It seems natural that Palestinians, upon hearing that the PA negotiated away much of Jerusalem and refugee rights as well as collaborating with Israel to murder fellow compatriots would be furious with the Palestinian government and ready for a change. Certainly, the PA has been forced to defend itself against repeated criticisms stemming from the release of the Palestine Papers, but whose side are the Palestinians on? This question takes root in Ramallah, a Fatah hotbed and political center of Palestine (outside Jerusalem) where for the also couple days crowds have been gathering outside of the local branch of Al Jazeera, marching in solidarity with the PA. Though the crowds remain a modest size (numbering in the low hundreds) those I have spoken with around the city are seem to back the PA, rather than Jazeera. In any event, the PA will come out of this crisis standing and negotiating, regardless of any change in the opinion of Palestinians.
[tweetmeme] To be sure, a sample of Palestinians from Ramallah is hardly representative of Palestinians as a whole, as the group from Ramallah are more likely to back the PA. Yet the march on the Jazeera building and the informal talks I have held around town show a Palestinian public that is torn on this topic. The mini protest against Jazeera left the building vandalized (“Al Jazeera = Zionism”), though no one was hurt. Interestingly, there is a debate about whether the protesters were organized by the PA, with some journalists claiming that undercover police were leading the attack on the building. Given the anger and humiliation of the PA, this is certainly plausible. Yet the opinions floating around Ramallah suggest that the protests could be a true example of what Ramallans think – though I am sure that the PA would not frown on such a protest.
One commenter on this site recently remarked:
You write: “This release will do nothing to bring down the PA. It is an authoritarian government that has not had the consent of the people for years. A government that cancels elections, arrests political opponents, is vastly corrupt, and shuts down protests clearly does not have anyone to answer to. Palestinians will be (and are) upset by the release of these documents, but does Fatah care?”
And yet, you expect Israel to make peace with this government that “cancels elections…etc”?
The PA certainly has its faults and the commenter is right on several points. The PA has questionable legitimacy, at best, after seizing control from the democratically elected Hamas and cancelling elections; it continuously arrests Hamas supporters throughout the WB (and apparently worked with Israel to assassinate political opponents as well); it is amazingly corrupt (though getting better); and routinely shuts down nonviolent protests (ex. last week in support of Tunisians). There is no doubt that Fatah cares. Their role governing the West Bank becomes increasingly more difficult now that the Palestinian Papers have been released, casting light over some of their actions. Yet, they will remain in power due to the simple fact that there is no alternative.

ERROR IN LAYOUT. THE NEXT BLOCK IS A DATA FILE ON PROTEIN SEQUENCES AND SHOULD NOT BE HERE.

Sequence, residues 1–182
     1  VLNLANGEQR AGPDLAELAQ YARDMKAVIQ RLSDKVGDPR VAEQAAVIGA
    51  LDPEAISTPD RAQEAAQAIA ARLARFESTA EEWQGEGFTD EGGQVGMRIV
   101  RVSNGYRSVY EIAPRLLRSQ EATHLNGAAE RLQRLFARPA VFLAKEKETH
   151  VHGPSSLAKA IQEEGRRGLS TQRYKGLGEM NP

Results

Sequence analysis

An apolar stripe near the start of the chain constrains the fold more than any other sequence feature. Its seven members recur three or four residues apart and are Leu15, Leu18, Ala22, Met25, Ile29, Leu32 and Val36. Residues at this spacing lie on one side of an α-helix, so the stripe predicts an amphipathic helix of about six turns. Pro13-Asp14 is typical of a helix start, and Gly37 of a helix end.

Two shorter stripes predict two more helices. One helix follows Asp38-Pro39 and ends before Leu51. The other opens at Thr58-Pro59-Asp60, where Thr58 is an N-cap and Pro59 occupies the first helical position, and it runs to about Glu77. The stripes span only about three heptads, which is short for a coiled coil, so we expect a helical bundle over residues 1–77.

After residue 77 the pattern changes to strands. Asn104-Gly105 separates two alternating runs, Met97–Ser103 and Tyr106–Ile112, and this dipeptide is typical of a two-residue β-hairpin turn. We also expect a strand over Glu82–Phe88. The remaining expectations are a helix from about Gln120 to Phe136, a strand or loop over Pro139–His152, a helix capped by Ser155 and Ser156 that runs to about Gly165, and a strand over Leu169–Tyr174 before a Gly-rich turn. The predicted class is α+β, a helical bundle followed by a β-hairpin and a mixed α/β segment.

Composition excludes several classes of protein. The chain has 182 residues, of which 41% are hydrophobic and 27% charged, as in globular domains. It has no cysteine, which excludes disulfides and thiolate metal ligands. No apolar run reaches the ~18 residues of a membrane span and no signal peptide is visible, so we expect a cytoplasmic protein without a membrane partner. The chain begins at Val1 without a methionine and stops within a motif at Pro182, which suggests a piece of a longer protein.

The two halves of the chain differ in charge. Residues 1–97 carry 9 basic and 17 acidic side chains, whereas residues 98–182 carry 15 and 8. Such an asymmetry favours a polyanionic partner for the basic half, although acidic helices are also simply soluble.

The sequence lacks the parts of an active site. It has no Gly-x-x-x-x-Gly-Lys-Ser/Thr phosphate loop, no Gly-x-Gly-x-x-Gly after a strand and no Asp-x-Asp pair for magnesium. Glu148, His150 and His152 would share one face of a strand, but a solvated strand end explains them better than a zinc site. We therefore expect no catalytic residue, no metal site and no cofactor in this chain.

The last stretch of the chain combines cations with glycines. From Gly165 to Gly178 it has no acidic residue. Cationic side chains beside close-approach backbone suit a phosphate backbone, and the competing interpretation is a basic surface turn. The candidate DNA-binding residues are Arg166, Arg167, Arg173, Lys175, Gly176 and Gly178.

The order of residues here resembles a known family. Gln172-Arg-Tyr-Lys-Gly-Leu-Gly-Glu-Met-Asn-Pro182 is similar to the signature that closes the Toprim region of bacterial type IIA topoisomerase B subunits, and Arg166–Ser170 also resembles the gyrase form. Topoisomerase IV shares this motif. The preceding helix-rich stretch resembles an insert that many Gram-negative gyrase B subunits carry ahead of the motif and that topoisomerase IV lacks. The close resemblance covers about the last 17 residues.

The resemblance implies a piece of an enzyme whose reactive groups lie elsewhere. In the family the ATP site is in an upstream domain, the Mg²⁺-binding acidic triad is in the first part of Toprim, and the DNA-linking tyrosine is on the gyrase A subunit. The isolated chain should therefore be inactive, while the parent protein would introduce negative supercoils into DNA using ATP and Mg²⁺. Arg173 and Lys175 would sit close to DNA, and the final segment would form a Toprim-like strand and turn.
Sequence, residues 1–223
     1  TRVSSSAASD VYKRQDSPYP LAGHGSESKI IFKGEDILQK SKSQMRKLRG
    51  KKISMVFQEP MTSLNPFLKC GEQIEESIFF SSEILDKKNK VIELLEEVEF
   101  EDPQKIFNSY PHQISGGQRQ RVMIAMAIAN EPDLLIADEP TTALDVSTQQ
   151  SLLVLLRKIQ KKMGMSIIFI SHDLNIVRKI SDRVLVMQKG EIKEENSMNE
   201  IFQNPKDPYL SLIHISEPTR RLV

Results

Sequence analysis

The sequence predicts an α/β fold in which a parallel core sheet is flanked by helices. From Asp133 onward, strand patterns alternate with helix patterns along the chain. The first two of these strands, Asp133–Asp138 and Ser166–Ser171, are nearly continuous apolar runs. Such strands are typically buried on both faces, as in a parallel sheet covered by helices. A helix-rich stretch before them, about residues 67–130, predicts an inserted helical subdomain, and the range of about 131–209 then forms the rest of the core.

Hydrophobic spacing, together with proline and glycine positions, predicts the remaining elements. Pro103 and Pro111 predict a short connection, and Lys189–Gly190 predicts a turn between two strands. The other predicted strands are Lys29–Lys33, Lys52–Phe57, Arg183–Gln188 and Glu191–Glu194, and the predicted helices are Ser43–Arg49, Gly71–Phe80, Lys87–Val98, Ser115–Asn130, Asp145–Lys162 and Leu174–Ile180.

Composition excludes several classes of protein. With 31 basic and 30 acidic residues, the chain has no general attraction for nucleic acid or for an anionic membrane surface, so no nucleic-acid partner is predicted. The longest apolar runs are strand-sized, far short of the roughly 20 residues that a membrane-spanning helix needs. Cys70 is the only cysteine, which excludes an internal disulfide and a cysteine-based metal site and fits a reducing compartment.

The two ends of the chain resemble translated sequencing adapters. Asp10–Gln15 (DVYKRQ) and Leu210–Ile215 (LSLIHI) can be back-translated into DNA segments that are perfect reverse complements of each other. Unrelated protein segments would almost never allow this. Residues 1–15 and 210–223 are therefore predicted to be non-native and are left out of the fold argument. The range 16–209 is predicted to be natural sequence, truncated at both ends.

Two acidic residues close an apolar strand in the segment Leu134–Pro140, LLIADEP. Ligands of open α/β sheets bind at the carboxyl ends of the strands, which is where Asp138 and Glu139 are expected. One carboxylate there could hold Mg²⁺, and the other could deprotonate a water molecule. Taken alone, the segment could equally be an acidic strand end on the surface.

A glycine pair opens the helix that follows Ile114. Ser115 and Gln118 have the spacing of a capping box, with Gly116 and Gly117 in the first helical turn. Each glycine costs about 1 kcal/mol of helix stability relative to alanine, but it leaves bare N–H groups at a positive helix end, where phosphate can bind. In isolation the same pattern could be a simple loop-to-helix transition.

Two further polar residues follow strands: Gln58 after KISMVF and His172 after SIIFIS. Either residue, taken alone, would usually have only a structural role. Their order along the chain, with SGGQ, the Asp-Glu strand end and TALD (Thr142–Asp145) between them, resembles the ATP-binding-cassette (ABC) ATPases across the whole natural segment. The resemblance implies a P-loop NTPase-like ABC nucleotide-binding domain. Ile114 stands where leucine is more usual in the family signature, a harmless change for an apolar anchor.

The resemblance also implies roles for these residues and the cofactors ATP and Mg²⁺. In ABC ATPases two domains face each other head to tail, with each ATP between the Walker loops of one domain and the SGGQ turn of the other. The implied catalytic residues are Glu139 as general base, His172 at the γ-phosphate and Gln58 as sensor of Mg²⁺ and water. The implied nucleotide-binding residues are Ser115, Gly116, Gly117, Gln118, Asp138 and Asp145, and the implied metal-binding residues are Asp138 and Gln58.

Those who dislike the PA are frustrated and upset with the entire Palestinian political game. Most will not turn to Hamas or PFLP simply because they are just as disgusted with the other groups. Moreover, if you are Palestinian and support a negotiated two state solution, there is no other alternative besides Fatah, as all other parties favor resistance. Finally, as the released documents revealed yesterday, the US and Israel will not allow any other leader besides Abbas and Fayyad. Unlike Tunisia and Egypt, where the backing of the people is being proven to be more important than the support of the American government, American dollars and cooperation with Israel is more important to maintain power than the support of the Palestinian people. The only alternative to the PA is the resumption of full Israeli occupation – something that Palestinians (supporting a two state solution) and Israelis would like to avoid.
Can this kind of Palestinian Authority make peace with Israel? Can I expect Israel to make peace with this government that “cancels elections…etc”?’ I most certainly cannot. Though the reasons have nothing to do with any of the major weaknesses within Fatah or the PA. Even if the PA were the perfect shining example of democratic freedom manifested in a political movement, the overwhelming imbalance of power between Israel and Palestine has created an atmosphere that prohibits true Israeli concessions. A quick look at the Palestinian proposals that were rejected by Israel should be a clear, undisputed example of which side has said no, which side is lacking a true partner in peace.
There has been and still will be a lot of talk about the effects of the Palestinian Papers on the peace process, specifically, and the region in general. Yet, despite the potential to incite, these released documents will do little more than boost Al Jazeera‘s ratings. After the dust settles, the PA and Israel will still be around, doing the same old dance.
Photo from Al Jazeera